Looking After Our Health and Wellbeing: Organ Health, Regenerative Medicine and Black Communities.
|A webinar hosted by the Caribbean African Regenerative Medicine project|
Welcome and Introductions – Carl E James, PhD Dr. James is the former Jean Augustine Chair in Education, Community and Diaspora in the Faculty of Education where he is Professor, and Senior Advisor on Equity and Representation in the Office of the Vice President of Equity, People and Culture, York University. His research examines the education, employment and health of racialized Canadians – noting the ways in which societal and institutional structures mediate their lived realities. With attention to equity, he studies the ways in which race and its intersection with gender, class, citizenship and other identify constructs – mediated by accessible and equitable opportunities – account for the lived experiences of Black Canadians.
Repair & Regenerate: The Future of Medicine – Mowa Ayibiowu
Mowa Ayibiowu is a fourth-year medical student at the University College Dublin. She is passionate about advocating for African, Black and Caribbean patients and does so through clinical research and clinical practice. Her clinical research experience began at the Hospital For Sick Children (SickKids) where she spent time investigating the biopsychosocial impact of pediatric transplants on patients and their families. She now works as a research student at Toronto General Hospital Research Institute, as part of the Kidney Health Education and Research Group, taking part in research relating to nephrology and post-transplant quality of life.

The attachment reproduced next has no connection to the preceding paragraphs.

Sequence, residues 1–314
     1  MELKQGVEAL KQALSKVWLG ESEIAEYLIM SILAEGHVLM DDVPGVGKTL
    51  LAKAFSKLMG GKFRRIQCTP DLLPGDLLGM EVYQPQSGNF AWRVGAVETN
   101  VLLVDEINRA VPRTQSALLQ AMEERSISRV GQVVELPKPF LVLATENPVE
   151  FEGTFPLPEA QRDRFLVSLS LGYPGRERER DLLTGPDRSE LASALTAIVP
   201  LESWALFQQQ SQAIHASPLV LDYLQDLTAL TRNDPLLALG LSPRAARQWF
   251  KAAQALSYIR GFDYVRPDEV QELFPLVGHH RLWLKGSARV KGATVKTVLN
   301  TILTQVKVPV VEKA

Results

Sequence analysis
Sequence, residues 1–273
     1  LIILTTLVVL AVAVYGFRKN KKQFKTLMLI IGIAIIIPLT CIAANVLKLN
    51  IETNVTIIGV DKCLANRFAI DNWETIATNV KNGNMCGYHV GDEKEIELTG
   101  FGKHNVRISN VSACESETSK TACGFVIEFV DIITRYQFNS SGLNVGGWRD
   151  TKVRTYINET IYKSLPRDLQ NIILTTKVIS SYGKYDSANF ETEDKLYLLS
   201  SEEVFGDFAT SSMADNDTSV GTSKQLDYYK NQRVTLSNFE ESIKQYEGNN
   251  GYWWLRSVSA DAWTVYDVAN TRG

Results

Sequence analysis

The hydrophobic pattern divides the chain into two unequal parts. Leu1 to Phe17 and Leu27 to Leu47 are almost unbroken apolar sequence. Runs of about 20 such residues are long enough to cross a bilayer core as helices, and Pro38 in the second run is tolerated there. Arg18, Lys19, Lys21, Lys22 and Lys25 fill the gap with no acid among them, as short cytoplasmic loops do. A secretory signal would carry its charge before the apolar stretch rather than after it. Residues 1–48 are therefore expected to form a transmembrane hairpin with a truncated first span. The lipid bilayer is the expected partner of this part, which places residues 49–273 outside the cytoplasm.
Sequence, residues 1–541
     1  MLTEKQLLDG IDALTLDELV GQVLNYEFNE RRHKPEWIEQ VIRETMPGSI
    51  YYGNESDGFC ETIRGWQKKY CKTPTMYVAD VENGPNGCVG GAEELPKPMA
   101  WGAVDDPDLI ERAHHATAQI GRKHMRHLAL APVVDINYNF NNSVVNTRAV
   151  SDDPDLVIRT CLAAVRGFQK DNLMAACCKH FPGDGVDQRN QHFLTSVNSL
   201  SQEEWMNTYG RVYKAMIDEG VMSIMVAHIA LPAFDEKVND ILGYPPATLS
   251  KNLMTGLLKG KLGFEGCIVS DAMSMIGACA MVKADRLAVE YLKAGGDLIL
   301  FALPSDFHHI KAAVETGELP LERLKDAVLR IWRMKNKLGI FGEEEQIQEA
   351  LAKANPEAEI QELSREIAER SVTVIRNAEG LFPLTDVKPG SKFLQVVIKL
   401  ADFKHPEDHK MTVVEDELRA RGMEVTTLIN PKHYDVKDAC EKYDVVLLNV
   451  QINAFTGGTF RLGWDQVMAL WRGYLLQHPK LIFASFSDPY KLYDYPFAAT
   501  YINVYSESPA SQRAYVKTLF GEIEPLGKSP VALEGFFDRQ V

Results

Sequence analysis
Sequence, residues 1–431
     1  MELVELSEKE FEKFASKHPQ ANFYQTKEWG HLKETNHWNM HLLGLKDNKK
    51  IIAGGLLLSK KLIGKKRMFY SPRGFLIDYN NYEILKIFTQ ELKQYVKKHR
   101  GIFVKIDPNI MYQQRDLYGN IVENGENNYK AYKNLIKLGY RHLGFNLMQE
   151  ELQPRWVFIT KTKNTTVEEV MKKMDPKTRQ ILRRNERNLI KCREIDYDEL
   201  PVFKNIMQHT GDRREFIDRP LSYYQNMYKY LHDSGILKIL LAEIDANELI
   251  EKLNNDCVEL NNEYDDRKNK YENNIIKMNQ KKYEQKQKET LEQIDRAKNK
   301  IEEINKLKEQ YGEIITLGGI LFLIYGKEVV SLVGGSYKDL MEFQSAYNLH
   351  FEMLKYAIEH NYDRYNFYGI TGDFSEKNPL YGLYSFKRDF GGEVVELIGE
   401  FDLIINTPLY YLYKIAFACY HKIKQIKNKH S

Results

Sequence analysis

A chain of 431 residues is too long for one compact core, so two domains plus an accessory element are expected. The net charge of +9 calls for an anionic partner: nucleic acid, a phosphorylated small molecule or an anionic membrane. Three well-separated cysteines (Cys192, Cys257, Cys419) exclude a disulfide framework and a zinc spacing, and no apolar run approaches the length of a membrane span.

Kidneys & Care: Addressing Inequities in Kidney Health for Black Communities – Denzel Lodge
Denzel is a recent graduate from the University of Toronto (HBSc) from the life sciences program. He is fiercely committed to exploring the social determinants of health as they relate to health inequities. He has worked with Dr Mucsi’s, Kidney Health Education and Research Group (KHERG), as the co-lead of the Kidney Health Education for African, Caribbean and Black (KHE-ACB) project along with his work on CARM and other projects relating to patient quality of life. In alignment with CARM’s goals, Denzel strongly believes that we, as researchers, must not preach to black or other marginalized communities. He affirms the need to ensure that these communities are given equitable power in decisions moving forward regarding their healthcare.
Stem Cell Donation and the Black Community: Challenges and Promises? – Dorothy Vernon-Brown
Q & A Session – by Dr. Jacqui Getfield